As the Greek Debt Crisis drags on with no end in sight, it is becoming harder and harder to skirt around one wholly uncomfortable though increasingly unavoidable question: Who is all this bailing out and austerity really for- the Greek people, or the European banks that financed their government?
Even though the Greek government has recently gone back to its people to ask for yet another round of tough austerity policies meant to get the annual budget deficit under control, it seems that it won’t even be close to enough. Officials in Athens recently admitted that the 7.6% deficit year-end goal that they set for themselves was out of reach: the global economy will have to settle for a deficit of 8.5% of the Greek GDP. Of course, this is all taking place against the backdrop of a Greek economy that has shrunk 10% in the last year and is reeling from 16.3% unemployment.
Cue another dose of red on trading floors around the world.
Despite the skewed impression that international media might give the casual observer, Greeks aren’t taking this newest round of cuts sitting down. Various unions have taken to the streets, including transportation workers, air traffic controllers, and teachers. Greek newspapers are also taking an increasingly defiant tone in the face of what they see as dictatorial demands from international creditors. As the situation unfolds, we see a Greek government that has not only detached itself from its people, but also floated into its own, happier reality.
The important thing to take from this is: it’s not just the Germans who have an increasingly limited appetite for shovelling cash into the flames to stave off a default. The Greeks are fed up with it as well.
There are of course several important reasons why it’s within the EU’s interest to keep the Greek government from defaulting on its debt. At the very top there are the symbolic considerations. If one member leaves the common currency, then any member can. This could snuff out any possibility of the euro ever garnering enough investor confidence to serve as a hard global reserve currency. Next there are the immediate economic pains that would result from detaching the Greek banking system from other European central banks. This would be an economically painful process that would impact the entirety of the EU. Finally there are the German and French banks that would be savaged by the removal of Greek debt from their balance sheets. This in itself is probably enough to kick off another global banking crisis.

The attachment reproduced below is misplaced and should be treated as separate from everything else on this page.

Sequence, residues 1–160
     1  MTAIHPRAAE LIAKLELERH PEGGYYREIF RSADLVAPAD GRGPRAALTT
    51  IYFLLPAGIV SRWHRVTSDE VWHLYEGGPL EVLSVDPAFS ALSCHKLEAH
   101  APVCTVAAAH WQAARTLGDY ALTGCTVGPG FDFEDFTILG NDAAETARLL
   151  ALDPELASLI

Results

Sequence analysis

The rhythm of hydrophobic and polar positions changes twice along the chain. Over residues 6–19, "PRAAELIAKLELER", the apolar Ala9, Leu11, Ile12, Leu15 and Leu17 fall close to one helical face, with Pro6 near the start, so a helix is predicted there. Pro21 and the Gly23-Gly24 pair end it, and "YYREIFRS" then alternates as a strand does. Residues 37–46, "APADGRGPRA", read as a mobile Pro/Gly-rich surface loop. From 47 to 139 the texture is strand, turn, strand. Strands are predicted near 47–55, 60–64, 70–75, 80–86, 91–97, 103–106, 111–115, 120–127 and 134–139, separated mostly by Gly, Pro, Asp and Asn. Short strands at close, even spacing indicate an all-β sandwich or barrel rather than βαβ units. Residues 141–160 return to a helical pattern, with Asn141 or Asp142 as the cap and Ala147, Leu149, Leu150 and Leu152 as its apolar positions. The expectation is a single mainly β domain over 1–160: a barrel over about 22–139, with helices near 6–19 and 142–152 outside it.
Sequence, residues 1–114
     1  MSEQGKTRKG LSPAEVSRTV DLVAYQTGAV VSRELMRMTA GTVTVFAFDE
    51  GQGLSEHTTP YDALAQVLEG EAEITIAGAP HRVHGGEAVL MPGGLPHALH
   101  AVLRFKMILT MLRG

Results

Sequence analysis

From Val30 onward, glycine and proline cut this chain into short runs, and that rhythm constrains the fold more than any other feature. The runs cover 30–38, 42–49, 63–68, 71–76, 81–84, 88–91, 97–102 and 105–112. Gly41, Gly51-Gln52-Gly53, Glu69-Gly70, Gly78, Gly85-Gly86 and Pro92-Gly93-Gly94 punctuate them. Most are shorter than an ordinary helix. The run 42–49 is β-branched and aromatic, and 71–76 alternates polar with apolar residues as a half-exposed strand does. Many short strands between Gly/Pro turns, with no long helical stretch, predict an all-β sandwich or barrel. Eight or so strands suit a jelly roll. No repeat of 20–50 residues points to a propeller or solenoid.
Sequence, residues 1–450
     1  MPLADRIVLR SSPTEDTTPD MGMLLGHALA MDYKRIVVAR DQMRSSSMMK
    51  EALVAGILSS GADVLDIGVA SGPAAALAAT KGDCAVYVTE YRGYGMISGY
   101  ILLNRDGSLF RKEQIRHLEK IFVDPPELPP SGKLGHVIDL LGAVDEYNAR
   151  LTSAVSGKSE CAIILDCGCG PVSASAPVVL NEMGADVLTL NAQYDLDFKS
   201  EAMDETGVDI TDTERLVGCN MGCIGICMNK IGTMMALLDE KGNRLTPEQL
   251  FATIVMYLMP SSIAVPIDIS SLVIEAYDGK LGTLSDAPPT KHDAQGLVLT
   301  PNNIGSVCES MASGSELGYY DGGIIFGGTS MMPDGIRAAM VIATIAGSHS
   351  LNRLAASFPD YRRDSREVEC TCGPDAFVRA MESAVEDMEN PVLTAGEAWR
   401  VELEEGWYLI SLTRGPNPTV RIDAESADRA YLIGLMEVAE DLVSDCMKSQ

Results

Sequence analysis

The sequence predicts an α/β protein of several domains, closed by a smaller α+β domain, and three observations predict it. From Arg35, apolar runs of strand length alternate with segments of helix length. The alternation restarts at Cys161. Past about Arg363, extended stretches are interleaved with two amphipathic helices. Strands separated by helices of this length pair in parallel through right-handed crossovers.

There’s no question that the stakes are high on a potential Greek default. But, given souring political attitudes and the immensity of the task at hand- is avoiding a default even possible? The European Financial Stability Facility will fork over 8 billion euros to the Greek government on October 3rd. How long will this 8 billion last?
A whole month.
With numbers like these, perhaps a Greek default is unavoidable. There’s just not enough money let alone political will to keep shovelling funds into a Hellenic abyss. And is so, why are the Greek people being made to suffer if the ultimate result is going to be the same regardless? Perhaps the answer is, as the BBC’s Gavin Hewitt has suggested, that these half-baked bailout plans are merely cynical trick to buy some time so that European banks can prepare their balance sheets for the inevitable.
If this is true, then the ongoing Greek debt crisis is yet another example of public funds being used to pay for the sins of private corporations. When German and French banks bought Greek debt, they took on the risks like with any other investment. So why should not only the people of Greece, but taxpayers throughout the European Union be made to suffer for their terrible judgement?